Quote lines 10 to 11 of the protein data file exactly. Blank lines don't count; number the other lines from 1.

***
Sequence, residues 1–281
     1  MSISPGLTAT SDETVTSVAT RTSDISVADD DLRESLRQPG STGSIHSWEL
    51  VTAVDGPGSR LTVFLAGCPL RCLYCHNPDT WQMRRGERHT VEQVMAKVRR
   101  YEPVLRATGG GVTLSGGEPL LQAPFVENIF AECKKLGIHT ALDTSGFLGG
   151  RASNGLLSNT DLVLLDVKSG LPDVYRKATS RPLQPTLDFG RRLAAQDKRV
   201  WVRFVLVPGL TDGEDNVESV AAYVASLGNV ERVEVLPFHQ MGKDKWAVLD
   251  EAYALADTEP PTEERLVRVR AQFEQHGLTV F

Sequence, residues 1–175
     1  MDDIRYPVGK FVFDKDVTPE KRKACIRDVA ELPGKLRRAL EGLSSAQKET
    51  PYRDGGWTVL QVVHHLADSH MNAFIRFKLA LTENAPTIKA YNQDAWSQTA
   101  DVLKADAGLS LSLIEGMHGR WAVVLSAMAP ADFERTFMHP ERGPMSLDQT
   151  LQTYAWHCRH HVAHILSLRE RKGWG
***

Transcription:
    51  PYRDGGWTVL QVVHHLADSH MNAFIRFKLA LTENAPTIKA YNQDAWSQTA
   101  DVLKADAGLS LSLIEGMHGR WAVVLSAMAP ADFERTFMHP ERGPMSLDQT